A lesson in socially driven economics has been in play over the last several weeks and for those that missed it I think its time to have a look at how it began and what it lead up to and what exactly it all means!
The campaign begins
If you live in the UK then the situation will be quite familiar. The program broadcast in the UK called X-Factor (much like American Idol in the USA) has for the last 4 years dominated the prestigious number 1 spot on the Christmas Charts releasing classic ballads and songs “in the spirit of the season”. This seems to have annoyed some people. No, actually, its annoyed a lot of people… and they had enough.
What started out as a idea on Facebook, quickly gained momentum across a range of social networks and the group exploded with discussions and encouragement by users to support the idea and help make an impression on the music industry. Twitter picked up momentum using the hashtag #ratm4xmas or #RATM and there was a Rage Against the Machine For Christmas Number 1 Website available as well.
The crux of the situation can be seen in the numbers below over the sales figures below:
- (Series 1 – 2004) Steve Brookstein – Against All Odds– 250,000 copies sold
- (Series 2 – 2005) Shayne Ward- That’s My Goal – 742,180 copies sold
- (Series 3 – 2006) Leona Lewis – A Moment Like This – 571,253 copies sold
- (Series 4 – 2007) Leon Jackson – When You Believe – 490,000 copies sold
- (Series 5 – 2008) Alexandra Burke – Hallelujah – 576,000 copies sold
All of these Christmas Number 1 results where as a result of the X-Factor and basically, enough was enough, for people and they took a stand. The final results, as accurately as we can make them at this stage anyway are:
Rage Against the Machine (released 1992) – released by popular demand and a Facebook campaign Killing in the Name – 502,000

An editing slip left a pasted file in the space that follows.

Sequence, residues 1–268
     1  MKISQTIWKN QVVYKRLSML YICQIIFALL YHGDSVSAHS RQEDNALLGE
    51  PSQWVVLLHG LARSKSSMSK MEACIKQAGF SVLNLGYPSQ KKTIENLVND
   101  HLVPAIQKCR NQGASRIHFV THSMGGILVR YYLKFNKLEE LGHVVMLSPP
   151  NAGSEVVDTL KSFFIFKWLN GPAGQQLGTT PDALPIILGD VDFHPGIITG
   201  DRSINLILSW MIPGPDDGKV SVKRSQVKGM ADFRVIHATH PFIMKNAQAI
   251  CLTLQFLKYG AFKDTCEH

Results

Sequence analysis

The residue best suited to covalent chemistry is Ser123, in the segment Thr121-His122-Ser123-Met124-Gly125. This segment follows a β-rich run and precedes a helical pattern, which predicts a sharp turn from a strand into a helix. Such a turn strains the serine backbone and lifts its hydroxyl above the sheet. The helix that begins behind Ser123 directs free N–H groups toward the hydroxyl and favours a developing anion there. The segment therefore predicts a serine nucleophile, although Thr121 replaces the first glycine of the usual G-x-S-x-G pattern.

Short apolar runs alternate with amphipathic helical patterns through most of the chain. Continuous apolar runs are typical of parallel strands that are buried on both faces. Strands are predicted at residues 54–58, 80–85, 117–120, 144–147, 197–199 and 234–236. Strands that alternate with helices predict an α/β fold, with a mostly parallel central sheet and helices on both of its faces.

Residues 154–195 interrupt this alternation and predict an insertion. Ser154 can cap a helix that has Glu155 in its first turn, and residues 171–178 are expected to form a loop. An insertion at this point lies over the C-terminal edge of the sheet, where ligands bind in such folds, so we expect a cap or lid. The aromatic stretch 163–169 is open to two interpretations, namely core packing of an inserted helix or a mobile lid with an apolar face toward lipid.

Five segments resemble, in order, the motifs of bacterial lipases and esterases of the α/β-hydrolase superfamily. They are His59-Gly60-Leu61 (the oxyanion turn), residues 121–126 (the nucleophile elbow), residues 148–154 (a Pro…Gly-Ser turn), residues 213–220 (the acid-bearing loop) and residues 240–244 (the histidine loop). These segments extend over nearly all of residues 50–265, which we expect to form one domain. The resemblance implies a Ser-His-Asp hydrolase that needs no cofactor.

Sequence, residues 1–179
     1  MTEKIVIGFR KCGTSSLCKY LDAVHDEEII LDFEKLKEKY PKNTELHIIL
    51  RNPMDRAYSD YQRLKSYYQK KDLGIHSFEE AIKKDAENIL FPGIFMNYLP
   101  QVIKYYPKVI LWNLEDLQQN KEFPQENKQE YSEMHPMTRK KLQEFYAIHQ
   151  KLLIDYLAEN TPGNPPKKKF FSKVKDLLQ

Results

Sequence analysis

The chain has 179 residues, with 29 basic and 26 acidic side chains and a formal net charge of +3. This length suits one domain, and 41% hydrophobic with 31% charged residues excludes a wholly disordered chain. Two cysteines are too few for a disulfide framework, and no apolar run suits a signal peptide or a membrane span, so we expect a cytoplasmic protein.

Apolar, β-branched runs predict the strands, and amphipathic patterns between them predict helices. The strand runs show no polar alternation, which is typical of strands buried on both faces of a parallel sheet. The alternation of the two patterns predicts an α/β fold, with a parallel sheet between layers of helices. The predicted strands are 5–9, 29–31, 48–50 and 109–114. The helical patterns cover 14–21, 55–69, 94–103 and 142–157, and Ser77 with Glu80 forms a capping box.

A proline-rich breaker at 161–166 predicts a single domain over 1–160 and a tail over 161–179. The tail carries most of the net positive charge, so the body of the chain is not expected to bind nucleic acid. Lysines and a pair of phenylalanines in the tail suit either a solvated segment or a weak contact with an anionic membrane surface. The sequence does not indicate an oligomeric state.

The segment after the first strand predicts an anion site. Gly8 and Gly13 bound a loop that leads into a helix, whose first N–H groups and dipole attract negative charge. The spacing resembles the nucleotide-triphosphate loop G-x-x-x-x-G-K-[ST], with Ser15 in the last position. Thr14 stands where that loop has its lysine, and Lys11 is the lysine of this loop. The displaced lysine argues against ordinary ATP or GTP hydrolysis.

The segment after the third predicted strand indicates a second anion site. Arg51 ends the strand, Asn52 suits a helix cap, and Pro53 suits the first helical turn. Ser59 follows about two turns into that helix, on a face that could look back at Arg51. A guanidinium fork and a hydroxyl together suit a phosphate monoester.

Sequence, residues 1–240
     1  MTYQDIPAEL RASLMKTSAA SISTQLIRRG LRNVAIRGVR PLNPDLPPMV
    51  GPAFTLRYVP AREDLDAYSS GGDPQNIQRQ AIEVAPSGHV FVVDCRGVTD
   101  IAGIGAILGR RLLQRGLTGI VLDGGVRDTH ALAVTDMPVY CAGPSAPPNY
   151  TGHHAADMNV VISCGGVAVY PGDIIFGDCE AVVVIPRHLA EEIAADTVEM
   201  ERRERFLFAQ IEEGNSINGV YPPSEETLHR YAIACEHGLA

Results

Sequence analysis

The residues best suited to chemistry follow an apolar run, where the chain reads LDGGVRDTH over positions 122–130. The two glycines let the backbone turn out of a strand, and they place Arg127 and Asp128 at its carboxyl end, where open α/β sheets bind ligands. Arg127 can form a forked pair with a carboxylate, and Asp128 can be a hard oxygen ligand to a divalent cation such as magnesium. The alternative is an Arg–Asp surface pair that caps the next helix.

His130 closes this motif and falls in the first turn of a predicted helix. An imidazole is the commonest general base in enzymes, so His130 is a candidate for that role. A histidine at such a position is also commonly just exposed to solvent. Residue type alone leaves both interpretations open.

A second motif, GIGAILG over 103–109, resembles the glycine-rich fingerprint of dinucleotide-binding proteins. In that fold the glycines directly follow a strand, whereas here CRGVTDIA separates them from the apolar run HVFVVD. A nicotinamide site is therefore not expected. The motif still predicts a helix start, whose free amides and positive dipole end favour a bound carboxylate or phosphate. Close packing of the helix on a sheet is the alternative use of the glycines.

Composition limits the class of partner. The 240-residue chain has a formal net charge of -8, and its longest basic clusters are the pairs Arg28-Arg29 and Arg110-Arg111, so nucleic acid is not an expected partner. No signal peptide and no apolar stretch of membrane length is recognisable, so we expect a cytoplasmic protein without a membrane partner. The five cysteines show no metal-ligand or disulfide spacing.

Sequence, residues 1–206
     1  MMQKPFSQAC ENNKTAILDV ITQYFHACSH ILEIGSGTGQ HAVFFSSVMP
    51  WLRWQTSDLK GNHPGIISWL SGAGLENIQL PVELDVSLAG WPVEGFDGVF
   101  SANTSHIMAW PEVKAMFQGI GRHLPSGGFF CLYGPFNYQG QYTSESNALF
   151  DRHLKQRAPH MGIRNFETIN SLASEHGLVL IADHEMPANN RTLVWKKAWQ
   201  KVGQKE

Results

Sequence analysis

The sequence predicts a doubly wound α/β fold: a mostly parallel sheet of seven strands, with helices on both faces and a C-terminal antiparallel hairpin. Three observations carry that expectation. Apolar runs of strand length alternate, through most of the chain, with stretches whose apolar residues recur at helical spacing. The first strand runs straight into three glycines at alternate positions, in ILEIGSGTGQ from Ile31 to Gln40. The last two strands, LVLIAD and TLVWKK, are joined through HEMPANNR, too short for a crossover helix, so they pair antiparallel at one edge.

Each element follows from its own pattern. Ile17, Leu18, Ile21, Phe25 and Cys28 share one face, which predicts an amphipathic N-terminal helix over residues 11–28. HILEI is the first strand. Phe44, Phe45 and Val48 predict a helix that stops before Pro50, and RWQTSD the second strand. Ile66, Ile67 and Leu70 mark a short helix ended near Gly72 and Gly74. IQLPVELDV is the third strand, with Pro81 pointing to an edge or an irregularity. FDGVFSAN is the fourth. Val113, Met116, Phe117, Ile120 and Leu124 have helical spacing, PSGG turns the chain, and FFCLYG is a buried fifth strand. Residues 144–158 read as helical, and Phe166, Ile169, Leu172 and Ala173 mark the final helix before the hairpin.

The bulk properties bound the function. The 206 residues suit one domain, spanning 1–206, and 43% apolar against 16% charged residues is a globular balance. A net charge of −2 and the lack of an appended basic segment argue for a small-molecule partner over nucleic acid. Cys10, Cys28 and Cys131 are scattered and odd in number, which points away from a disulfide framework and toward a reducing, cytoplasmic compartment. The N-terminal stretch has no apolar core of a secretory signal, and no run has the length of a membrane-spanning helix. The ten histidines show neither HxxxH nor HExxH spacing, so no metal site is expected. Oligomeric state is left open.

Source for figures: Unreality TV
The 2009 Christmas Number 1
The final result, based on these figures is that Rage Agasint the Machine not only achieved the number 1 single for Christmas in the UK, they also created the record for the the first exclusively download-only single to hit number one, after pulling in more than 950,000 fans on the Facebook page along side which a JustGiving page was created to raise money for UK homeless charity Shelter which, as of 19 December, was reported to have raised over £50,000 (approximately $80,000).
Finally, Rage Against the Machine have promised to hold a Free Gig in the UK as a show of thanks for the support and passion shown by fans in the UK. They are also donating a proportion of this unexpected “windfall” from the singles sales to the Shelter charity.
The current affairs behind it
The whole episode has created a stir with media interest reaching fever pitch as Sundays chart announcement drew closer. Simon Cowell was reported as having branded the RATM campaign “stupid”, “cynical” and even “bullying”. According to the Guardian Newspaper Cowell stated:
“If there’s a campaign, and I think the campaign’s aimed directly at me, it’s stupid. Me having a No 1 record at Christmas is not going to change my life particularly,” Cowell said. “I think it’s quite a cynical campaign geared at me that is actually going to spoil the party for these three.”
How things can change.
The big winners out of this though are of course SONY, although the more fanatical are citing this as a problem, at the end of the day, that’s another issue to address. There is always next Christmas I guess :P
For your Christmas viewing pleasure.
Rage Against the Machine “Killing in the Name” – Pure brilliance.
The point behind all this was that a feeling of expression was stirred in the world of social media. People utilised the medium to effectively rally behind a single cause and make their opinions heard rather than simply accepting the Status Quo and accepting something that many thought was inevitable consequently affecting the final outcome and making their voices heard.
The obvious power behind this type of movement is and has amazing potential for the future and certainly is not the first time that its reach has been felt. To say that this will happen again would be full hardy, but the fact is, it has happened and as many of us know, the proof is in the pudding. Social Media has again had an effect on the “real” world and will most likely continue to affect and influence public opinion and information distribution and syndication in the future.